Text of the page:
Jeffrey N. Phillips

From SourceWatch
Jump to: navigation, search
This article is a stub. You can help by expanding it.

This article is part of the Coal Issues portal on SourceWatch, a project of CoalSwarm and the Center for Media and Democracy. See here for help on adding material to CoalSwarm.

Jeffrey N. Phillips is the Senior Program Manager at the Electric Power Research Institute.

Promoting Carbon Capture and Storage

In a May 2010 presentation to the the Obama administration's Interagency Task Force on Carbon Capture and Storage, he argued that while there are "no obvious insurmountable technical barriers to CO2 capture" that there are "lots of potential challenges" which it won't be possible to assess how significant they are until "we address them at full scale". As with other presenters to the Task Force, Phillips identified the cost of the technology as "a major barrier to widespread deployment" especially since developing countries "can’t be expected to implement this technology at current costs" and that the "U.S. government's available resources will limit the number of projects that can be subsidized." The path to lowering the costs of the technology, he argued, was "additional R&D".[1]

In his presentation Phillips stated that "up to half of the steam flowing through the steam turbine will have to be diverted to the solvent regenerator to release the captured CO2". He also noted that there is a "need to know what purity will be compatible in pipelines" and that the "ability to vent CO2 during peak power demand and pipeline or storage outages needs to be ensured."[1]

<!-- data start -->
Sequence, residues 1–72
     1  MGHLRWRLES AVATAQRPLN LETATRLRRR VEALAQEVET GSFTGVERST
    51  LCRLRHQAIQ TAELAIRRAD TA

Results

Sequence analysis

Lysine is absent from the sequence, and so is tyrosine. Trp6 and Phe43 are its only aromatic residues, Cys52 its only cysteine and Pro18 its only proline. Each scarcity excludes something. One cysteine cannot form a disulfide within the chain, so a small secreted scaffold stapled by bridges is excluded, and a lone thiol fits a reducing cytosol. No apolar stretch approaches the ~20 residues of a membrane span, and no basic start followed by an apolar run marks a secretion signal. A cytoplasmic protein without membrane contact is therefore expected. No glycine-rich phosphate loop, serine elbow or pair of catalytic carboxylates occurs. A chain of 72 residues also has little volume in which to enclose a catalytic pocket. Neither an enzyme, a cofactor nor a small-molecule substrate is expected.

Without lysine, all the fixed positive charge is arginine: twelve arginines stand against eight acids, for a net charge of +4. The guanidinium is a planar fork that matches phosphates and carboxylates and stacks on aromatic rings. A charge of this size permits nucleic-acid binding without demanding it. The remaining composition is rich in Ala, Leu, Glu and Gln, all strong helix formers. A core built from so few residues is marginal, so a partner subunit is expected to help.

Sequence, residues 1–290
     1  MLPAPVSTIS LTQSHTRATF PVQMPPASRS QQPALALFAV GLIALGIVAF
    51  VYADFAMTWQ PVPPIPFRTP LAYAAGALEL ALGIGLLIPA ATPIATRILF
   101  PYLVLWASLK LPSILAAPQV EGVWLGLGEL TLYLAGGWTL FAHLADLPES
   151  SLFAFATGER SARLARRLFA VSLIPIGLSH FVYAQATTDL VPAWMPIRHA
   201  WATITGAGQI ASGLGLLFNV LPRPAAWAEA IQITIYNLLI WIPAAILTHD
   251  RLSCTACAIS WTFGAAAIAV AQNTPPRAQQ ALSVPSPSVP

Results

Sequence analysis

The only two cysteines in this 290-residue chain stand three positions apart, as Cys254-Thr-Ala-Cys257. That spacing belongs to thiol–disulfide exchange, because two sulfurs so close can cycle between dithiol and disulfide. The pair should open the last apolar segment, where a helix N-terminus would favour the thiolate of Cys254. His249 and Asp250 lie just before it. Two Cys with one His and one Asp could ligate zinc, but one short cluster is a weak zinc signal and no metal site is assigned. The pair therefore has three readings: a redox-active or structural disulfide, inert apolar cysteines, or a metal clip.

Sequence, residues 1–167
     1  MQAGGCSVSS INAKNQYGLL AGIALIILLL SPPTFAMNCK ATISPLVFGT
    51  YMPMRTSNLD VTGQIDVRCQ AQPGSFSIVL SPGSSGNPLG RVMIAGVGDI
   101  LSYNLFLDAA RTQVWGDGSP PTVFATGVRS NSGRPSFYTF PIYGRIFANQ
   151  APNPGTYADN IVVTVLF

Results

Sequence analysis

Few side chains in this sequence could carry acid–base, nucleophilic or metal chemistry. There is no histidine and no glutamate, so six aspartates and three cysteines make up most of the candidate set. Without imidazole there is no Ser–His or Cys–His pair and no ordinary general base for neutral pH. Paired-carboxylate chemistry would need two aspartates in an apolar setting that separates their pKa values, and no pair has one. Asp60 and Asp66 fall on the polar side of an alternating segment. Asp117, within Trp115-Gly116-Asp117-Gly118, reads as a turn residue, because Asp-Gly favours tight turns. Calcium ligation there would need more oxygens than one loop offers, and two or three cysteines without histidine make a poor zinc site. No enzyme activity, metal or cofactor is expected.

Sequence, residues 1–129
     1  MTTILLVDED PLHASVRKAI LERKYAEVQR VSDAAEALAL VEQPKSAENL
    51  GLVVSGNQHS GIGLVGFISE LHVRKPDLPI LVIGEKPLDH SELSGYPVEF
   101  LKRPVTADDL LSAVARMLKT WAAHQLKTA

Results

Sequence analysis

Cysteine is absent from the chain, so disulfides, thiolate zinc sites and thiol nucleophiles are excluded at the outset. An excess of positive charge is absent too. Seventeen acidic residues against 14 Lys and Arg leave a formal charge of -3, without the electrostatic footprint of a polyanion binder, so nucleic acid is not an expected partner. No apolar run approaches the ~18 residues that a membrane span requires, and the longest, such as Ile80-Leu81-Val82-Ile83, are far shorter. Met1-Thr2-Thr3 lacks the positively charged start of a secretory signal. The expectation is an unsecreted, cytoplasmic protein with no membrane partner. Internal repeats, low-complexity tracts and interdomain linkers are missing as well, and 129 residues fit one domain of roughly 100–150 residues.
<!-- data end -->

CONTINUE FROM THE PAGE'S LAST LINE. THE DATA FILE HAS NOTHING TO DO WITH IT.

Phillips also argued that Obama's proposed six trial CCS projects would not be enough as it is "not certain all six will move forward." He also argued that "none of the projects will demonstrate post-combustion capture at full scale", "none of the projects will demonstrate higher firing temperature gas turbines" which is "critical for lower costs", that "none of the projects will demonstrate oxy-combustion" and that "some newer capture technologies are not yet ready for large demonstrations but offer lower costs." Making progress, he argued, would require additional funding.[1]

Articles and resources

References

  1. 1.0 1.1 1.2 Jeffrey N. Phillips, "Barriers to Widespread Deployment of CO2 Capture in the Electric Power Sector", Proceedings of the public meeting of Interagency Task Force on Carbon Capture and Storage, Washington D.C., May 6, 2010.

Related SourceWatch articles

External resources

External articles

Presentations by Phillips